It was all good, having a visit from my friend Ryan on this special day. I am so glad he can to share it with me.

Lee Hopwood


Date: September 1, 2005
From: Dana Beaulieu
         Ryan’s Dad

On behalf of Ryan’s entire family we would like to thank you for your kind and heartfelt words expressed about our son Ryan. He looked at many of you as his extended family. We deeply appreciate the mentorship and friendship you have given him over the years and are grateful there were so many wonderful people who helped mold him into such a fine young man. Moreover, knowing that he touched so many people makes us very proud to have had him as our son.  We love him and will miss him deeply. Ryan’s spirit will continue to live within us. We pray for Raymond’s speedy recovery and look forward to the continuation of the Rosy Finch project.
= = = = = = = =
Date: September 2, 2005
From: Melissa Leyba

Ryan was my stepbrother for more than half of his short life. I had the privilege of watching him grow from an energetic child, (sometimes too energetic!) into a wonderful young man. When I was 16, my mother threw me a great big party with lots of friends, family, and gifts. I could not tell you what any of those gifts were: except for one. It was Ryan's gift, and it was a bouquet of roses that he had picked himself. He was so proud standing there with them in his arms. It was then that I saw a glimpse of the simplicity of life that he loved. We can all learn something from Ryan. I truliy believe that he was here to teach us things that even men who live to a ripe old age may never comprehend. Here are a few of the precious things Ryan taught me.
                        1. Love the Lord, the Earth and all its creations
                        2. Never judge anyone despite their imperfections
                        3. Bread with only ketchup isn't as gross as it sounds
                        4. Love unconditionally with your whole heart
                        5. Be yourself
                        6. Never say goodbye without an "I love you"
                        7. Never miss an oppurtunity to laugh
                        8. Walk off the beaten path but tread lightly
                        9. Patience is a virtue
                       10. Never take anyone or anything for granted
                       11. Saturday nights are great for MAD TV and Sunday mornings
                            are good for chocolate chip pancakes with lots of syrup
                       12. Forgive and forget
                       13. Giving is better than receiving
                       14. Never miss a chance to make someone feel special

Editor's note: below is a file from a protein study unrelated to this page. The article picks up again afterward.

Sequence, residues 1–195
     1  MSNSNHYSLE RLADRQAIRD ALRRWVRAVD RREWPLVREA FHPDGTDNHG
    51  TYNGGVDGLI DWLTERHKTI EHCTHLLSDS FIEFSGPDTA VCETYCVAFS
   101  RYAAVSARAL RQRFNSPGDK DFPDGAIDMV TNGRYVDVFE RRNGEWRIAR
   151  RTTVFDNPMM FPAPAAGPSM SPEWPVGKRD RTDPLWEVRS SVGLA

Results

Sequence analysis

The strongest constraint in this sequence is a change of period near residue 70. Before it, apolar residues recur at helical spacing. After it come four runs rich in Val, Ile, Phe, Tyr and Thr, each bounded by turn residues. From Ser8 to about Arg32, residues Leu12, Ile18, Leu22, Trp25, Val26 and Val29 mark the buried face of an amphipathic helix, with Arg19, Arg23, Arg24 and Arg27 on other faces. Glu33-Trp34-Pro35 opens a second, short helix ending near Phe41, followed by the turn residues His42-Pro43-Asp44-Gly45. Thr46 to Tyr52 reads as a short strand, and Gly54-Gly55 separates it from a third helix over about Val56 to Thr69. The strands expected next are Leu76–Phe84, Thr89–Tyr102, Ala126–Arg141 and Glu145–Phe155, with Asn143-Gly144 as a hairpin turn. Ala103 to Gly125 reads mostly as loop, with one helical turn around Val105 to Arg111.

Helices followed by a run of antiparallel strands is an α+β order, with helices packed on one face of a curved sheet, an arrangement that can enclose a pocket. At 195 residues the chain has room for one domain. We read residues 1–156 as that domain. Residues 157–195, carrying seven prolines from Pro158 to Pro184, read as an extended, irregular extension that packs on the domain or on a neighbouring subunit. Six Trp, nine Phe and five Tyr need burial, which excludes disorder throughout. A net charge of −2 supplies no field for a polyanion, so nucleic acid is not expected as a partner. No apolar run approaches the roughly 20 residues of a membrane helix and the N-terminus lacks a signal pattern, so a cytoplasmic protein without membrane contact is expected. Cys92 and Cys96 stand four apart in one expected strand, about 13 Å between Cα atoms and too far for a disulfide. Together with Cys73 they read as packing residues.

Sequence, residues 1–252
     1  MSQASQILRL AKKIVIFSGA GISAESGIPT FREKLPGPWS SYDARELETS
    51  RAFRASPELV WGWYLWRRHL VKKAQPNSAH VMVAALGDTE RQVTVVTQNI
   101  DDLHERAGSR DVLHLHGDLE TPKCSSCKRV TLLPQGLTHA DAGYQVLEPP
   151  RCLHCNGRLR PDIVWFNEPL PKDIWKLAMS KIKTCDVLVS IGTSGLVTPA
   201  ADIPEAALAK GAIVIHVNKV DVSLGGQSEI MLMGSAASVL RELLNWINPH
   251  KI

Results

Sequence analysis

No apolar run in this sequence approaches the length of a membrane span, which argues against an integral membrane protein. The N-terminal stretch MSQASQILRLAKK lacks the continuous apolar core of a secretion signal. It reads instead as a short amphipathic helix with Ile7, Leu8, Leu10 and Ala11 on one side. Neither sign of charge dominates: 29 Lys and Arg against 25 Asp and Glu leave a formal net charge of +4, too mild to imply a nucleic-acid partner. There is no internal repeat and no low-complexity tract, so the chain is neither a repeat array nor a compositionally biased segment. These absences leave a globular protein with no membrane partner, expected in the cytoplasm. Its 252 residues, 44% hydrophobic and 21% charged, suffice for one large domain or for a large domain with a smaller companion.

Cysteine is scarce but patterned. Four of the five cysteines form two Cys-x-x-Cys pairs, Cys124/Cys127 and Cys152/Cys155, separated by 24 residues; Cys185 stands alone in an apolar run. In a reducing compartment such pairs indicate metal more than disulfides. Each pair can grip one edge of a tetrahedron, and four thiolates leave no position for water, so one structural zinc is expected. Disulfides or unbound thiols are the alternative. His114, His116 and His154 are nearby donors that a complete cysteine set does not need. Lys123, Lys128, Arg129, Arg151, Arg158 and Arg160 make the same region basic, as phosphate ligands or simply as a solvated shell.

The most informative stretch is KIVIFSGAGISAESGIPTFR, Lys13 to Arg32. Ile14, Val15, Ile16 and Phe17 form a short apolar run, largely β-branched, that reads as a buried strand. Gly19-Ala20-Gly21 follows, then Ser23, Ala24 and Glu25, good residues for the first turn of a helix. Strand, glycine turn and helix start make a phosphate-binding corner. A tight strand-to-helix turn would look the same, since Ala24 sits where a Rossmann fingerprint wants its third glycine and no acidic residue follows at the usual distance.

15. Follow your dreams
                       16. Be humble and sincere
                       17. Take time to stop and smell the roses, listen to the birds sing,
                             watch the sun rise and appreciate the simple things in life
I will miss your hugs and kisses, your smile and your laugh. Spread your wings and fly. Until we meet again.
I love you.
            Your big sis, MELISSA

= = = = = = = =
                               Fly,fly little wing
                               Far beyond imagining
                               The softest cloud, the whitest dove
                               Upon the wind of heaven's love
                               Past the planets and the stars
                               Leave this lonely world of ours
                               Escape the sorrow and the pain
                               And fly again
                               Fly, fly precious one
                               Your endless journey has begun
                               Take your gentle happiness
                               Far too beautiful for this
                               Cross over to the other shore
                               There is peace forevermore
                               But hold this memory bittersweet
                               Until we meet
                               Fly, fly do not fear
                               Don't waste a breath, don't shed a tear
                               Your heart is pure,your soul is free
                               Be on your way don't wait for me
                               Above the universe you'll climb
                               On beyond the hands of time
                               The moon will rise, the sun will set
                               But I won't forget
                               Fly, fly little wing
                               Fly where only angels sing
                               Fly away, the time is right
                               Go now, find the light
                                                       ~ Celine Dion

= = = = = = = =
Date: September 9, 2005
From: Sheena Hawkins